Retaliation – A Human Resources Nightmare

When you have an employee file a claim against you for any violation of legally required employment standards, it is vitally important that you refrain from any type of retaliation against that employee.

Failure to do so can land you in court…again…

As if that weren’t enough to contend with, a recent Supreme Court ruling just made your life more difficult.  You could now be liable for retaliation against employees who associate with the employee you’re accused of retaliating against.

Thompson v. North American Stainless

In the above referenced case, Eric Thompson and his fiancé, Miriam Regalado, were employees of North American Stainless LP.  Ms. Regalado filed a sex discrimination complaint with the EEOC and three weeks after receiving notice of the charge, North American Stainless fired Eric Thompson.  Thompson then filed his own complaint with the EEOC, claiming that he was terminated in retaliation for the original complaint filed by Ms. Regalado

The Supreme Court reversed a lower court’s decision and found that “Title VII’s anti-retaliation provision must be construed to cover a broad range of employer conduct.”  In this case, third-party retaliation.

Title VII and Zone of Interest

Title VII allows a person with a grievance to file a civil lawsuit if they fall within a “zone of interest”.  A complainant falls within the zone of interest if they were protected by the statutory provision or law that was violated and formed the basis for the original complaint that was filed.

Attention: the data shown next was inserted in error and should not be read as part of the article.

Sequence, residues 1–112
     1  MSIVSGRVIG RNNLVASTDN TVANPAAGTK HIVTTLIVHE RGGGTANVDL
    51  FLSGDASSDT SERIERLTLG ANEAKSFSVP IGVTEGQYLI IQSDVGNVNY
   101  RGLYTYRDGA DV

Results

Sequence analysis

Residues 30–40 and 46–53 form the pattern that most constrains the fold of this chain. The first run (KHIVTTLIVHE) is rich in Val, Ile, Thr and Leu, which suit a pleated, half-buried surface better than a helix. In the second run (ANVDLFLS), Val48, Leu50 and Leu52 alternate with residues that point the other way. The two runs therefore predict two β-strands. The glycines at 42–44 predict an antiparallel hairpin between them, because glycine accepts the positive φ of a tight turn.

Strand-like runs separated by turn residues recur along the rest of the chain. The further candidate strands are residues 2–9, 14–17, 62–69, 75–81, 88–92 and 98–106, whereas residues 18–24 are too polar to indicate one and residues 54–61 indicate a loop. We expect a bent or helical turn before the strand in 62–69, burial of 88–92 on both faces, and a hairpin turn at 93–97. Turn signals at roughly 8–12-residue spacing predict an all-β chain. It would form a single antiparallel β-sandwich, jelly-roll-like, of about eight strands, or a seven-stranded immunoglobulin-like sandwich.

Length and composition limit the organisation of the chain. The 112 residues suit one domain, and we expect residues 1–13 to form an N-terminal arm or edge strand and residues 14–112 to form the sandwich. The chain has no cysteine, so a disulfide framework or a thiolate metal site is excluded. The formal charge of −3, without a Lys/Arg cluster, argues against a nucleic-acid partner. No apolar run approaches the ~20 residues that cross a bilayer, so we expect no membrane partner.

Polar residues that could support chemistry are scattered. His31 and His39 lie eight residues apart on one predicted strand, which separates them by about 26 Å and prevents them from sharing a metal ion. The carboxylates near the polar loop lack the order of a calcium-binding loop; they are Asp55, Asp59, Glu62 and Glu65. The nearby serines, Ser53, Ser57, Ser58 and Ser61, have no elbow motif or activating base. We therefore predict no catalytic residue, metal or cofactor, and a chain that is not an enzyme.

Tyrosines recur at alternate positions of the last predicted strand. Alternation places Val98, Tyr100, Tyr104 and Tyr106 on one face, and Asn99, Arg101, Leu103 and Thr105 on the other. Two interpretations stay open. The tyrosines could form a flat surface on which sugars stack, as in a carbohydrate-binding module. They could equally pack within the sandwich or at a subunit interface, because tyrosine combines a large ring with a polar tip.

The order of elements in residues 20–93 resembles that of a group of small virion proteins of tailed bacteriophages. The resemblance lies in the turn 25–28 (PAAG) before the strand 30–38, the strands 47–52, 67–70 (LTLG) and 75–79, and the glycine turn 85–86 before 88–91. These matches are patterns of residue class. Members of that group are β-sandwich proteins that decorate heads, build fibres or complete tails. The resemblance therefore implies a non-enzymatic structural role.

In other words, the Supreme Court justices found that by harming Thompson, the employer was intending to harm Regalado.  That put Thompson within the zone of interest to be eligible to file a retaliation complaint under Title VII.

What Does This Case Mean for Your Business?

There are two things to take away from this recent Supreme Court decision:

  1. It is vitally important that retaliation or even the appearance of retaliation be avoided and your hiring and management personnel need to be trained to ensure they understand what they can and cannot do; and,
  2. Another group of employees are now protected against retaliation – close associates of employees who have filed complaints or grievances.

It is always better to err on the side of caution when you’re thinking about firing an employee who has filed a complaint against you.  Now, you need to think long and hard before terminating employees they are closely associated with.

Make sure all your documentation is in order in either case.

Do you know what you need to do to avoid retaliation lawsuits?

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At The Parents Estate Planning Law Firm, we answer your questions at your convenience; we stay in frequent communication; and we meet to discuss changes in life circumstances and in the law to ensure that your assets are protected.

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